This year, the Iowa Caucus fell just after the Super Bowl, just before the State of the Union Address, and during the impeachment of President Donald Trump. (Photo Credit: Mei Lamison/Achona Online/Piktochart)
This year, the Iowa Caucus fell just after the Super Bowl, just before the State of the Union Address, and during the impeachment of President Donald Trump.

Photo Credit: Mei Lamison/Achona Online/Piktochart

Technological Setbacks Delay 2020 Iowa Caucus Results

February 4, 2020

On Feb 3, 2020, all eyes were on Iowa as the first caucuses of the Democratic Presidential Primaries took place. The attention, however, was met with chaos and confusion as results were delayed into Tuesday, Feb 4. 

“It’s a mess and because it’s a mess, people are starting to lose trust in the system,” says history teacher Beth Chase. 

This year, in an attempt to avoid inaccuracy, the Iowa Democratic Party had precincts report caucus results through a mobile app. However, Troy Price, chairman of the party, stated last night delays were a result of the app’s “coding issues.” Iowa officials have stressed problems do not stem from hacking. 

In addition to the app, the Iowa Democratic Party set a series of new rules for the caucuses, increasing confusion among precincts and participants. 

Early Tuesday morning, a spokeswoman for the Department of Homeland Security, offered to test the app for the, but Iowa leaders declined.

The same app is set to be used for the Feb 22 caucuses in Nevada.

Initially, officials from Iowa struggled to explain the setback. According to The Washington Post, “the party would not say why it was not releasing any information, and struggled to explain what issues had caused the considerable delay.”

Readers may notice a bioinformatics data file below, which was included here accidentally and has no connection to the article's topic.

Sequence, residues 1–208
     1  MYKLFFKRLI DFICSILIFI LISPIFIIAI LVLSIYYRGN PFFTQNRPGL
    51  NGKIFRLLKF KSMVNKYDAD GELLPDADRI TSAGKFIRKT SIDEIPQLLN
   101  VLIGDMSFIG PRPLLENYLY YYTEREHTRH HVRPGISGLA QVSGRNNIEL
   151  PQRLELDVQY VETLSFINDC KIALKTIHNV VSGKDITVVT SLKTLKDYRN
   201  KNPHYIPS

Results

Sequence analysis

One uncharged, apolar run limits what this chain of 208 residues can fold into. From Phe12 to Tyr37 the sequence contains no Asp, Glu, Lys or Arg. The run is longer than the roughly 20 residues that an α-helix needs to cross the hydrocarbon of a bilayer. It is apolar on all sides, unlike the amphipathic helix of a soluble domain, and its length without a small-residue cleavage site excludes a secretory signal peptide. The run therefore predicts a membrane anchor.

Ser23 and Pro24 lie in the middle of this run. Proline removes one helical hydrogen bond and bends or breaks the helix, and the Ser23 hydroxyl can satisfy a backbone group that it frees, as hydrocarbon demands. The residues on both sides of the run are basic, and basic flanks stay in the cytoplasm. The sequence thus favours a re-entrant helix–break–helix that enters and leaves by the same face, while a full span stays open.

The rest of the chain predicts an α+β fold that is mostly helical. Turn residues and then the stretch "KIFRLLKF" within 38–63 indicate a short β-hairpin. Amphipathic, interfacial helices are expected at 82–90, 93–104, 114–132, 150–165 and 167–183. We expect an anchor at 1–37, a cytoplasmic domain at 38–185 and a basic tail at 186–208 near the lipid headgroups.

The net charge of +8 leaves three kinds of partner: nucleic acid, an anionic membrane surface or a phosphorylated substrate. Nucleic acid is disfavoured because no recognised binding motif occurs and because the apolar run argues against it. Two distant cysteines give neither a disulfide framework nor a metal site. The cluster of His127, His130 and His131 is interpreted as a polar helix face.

As of noon today, the Iowa Democratic Party has promised 50% of the results by no later than 5 p.m. According to the Washington Post, official staff have been sent to collect paper ballots from precincts in person. 

Among the top polling Democratic candidates, Senator Bernie Sanders, former Vice President Joe Biden, Senator Elizabeth Warren, former Mayor Pete Buttigieg, Senator Amy Klobuchar, Andrew Yang, and Tom Steyer launched competitive campaigns in the state. 

Despite the delays, many of the presidential hopefuls addressed their supporters late Monday and into early Tuesday. Most of them thanked their crowds for their support and then shifted the topic of discussion towards future primaries. 

Biden’s campaign, however, released a letter to the Iowa Democratic Party leadership “requesting full explanations for the failures before any official results are released.” 

Mayor Pete, on the other hand, claimed victory for himself. 

The chaos and confusion provided an opportunity for many to speculate the credibility of the entire process. 

Brad Parscale, Trump’s reelection campaign manager, suggested the caucus was “rigged.” He wrote, “Democrats are stewing in a caucus mess of their own creation with the sloppiest train wreck in history.” 

Criticisms came from both sides of the political spectrum. Democratic Representative Ilhan Omar tweeted Tuesday, suggesting the app’s developer was tied to Buttigieg’s campaign. Following the tweet, “Mayor Cheat” was trending on twitter. 

The Washington Post reports additional campaigns paid for services from the app’s company, including Biden and Senator Kirsten Gillibrand who dropped out of the race in August.